"Tears of a Warrior"
Offers Hope and Healing to Veterans with Post Traumatic Stress
Returning war veterans may face a multitude of physical and mental challenges. Veterans' families are often unprepared to deal with a family member who may experience pain, nightmares, feelings of detachment, irritability, trouble concentrating, and sleeplessness. These are some of the symptoms of Post Traumatic Stress (PTS).
Experts estimate that between 25% and 30% of Vietnam veterans who fought in combat have symptoms of PTS and the experiences associated with combat. It's been recently estimated that 30% of combat soldiers returning from service in Iraq and Afghanistan are experiencing similar trauma.
"Tears of a Warrior: A Family's Story of Combat and Living with PTSD" is a patriotic book written about soldiers who are called to duty in service of their country. It is a story of courage, valor, and life-long sacrifice. Long after the cries of battle have ended, many warriors return home to face a multitude of physical and mental challenges. Author Tony Seahorn writes from his experience as a young army officer in Vietnam who served with the Black Lions of the First Infantry Division, which fought in some of the bloodiest battles of the war. He was wounded in action and continues to recover from the physical and emotional scars of combat.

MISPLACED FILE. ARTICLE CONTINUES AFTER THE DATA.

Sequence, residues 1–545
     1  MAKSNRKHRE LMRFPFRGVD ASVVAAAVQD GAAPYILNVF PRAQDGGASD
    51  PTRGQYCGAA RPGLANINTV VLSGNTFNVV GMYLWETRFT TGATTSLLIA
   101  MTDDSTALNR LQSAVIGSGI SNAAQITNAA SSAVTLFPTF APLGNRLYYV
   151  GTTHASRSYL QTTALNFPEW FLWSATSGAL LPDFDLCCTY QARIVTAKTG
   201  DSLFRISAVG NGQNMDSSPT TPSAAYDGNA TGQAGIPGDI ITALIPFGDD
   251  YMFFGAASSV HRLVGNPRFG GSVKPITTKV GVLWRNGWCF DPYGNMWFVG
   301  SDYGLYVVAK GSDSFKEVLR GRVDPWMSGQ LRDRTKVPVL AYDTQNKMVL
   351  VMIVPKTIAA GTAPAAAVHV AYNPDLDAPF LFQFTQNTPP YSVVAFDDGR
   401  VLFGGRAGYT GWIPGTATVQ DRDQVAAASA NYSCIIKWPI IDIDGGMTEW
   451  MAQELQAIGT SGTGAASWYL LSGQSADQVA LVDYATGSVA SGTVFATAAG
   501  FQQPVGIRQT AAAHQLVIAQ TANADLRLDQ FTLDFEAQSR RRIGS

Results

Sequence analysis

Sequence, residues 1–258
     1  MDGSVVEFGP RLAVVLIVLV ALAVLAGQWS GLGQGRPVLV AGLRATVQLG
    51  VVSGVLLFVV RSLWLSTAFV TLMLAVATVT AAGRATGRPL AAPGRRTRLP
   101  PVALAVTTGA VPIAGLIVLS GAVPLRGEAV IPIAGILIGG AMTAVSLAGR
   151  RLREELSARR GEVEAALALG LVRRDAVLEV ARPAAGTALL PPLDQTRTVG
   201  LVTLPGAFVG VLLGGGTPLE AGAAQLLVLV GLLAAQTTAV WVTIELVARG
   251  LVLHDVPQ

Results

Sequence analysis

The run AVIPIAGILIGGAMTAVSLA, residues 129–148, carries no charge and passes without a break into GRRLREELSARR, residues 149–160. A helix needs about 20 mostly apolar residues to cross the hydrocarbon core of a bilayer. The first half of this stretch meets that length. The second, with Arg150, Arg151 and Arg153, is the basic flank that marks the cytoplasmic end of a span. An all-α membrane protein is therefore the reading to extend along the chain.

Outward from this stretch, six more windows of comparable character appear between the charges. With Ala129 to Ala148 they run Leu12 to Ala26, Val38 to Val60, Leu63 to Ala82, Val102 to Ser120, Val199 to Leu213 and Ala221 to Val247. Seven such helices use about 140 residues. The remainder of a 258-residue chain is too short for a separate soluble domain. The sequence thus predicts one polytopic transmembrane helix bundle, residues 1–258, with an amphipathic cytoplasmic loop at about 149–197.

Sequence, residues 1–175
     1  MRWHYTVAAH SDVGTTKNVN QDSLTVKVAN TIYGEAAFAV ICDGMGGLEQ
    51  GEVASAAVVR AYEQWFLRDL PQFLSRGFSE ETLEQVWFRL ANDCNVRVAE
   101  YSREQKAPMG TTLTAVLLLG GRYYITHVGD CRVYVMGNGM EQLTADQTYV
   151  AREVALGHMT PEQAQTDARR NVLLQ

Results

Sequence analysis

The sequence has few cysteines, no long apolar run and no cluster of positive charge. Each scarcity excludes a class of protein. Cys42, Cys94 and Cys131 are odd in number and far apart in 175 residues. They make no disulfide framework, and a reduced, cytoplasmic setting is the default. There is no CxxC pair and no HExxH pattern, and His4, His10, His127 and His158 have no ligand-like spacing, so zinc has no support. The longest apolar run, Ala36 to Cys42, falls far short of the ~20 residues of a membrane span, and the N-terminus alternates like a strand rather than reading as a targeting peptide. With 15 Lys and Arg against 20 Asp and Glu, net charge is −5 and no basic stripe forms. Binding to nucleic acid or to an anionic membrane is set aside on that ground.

Tony returned to Wyoming from the war decorated for heroism. Some of his most honored medals include two Bronze Stars, two Purple Hearts, Air Medal for Valor in flight, the Vietnamese Gallantry Cross, and a Presidential Unit Citation. He has experienced the trauma of combat. His experience is painful. His story is real.
Janet Seahorn, Tony's wife and co-author, writes from both the perspective of a wife who has lived for thirty years with a veteran with PTS, and as a professional in human development and neuroscience. Dr. Seahorn's research has focused on the effects PTS has on the brain, body, and spirit.
"Tears of a Warrior" was written to educate families and veterans about the symptoms of PTS and to offer strategies for living with the disorder. The book includes over 50 photos integrated into the text which provide the reader with a visual picture of the sequence of events as the storyline moves from the realities of combat, to returning home, to the ultimate impact on family and friends. Families and society in general will better understand the long-term effects of combat. Veterans from all wars, regardless of service branch, will benefit by the authors' experiences and their message of hope.
"If we send them, then we must mend them."
Showing reviews 1-10 of 12 | Next
Posted by Dr. Paul Alderete on 18th Nov 2011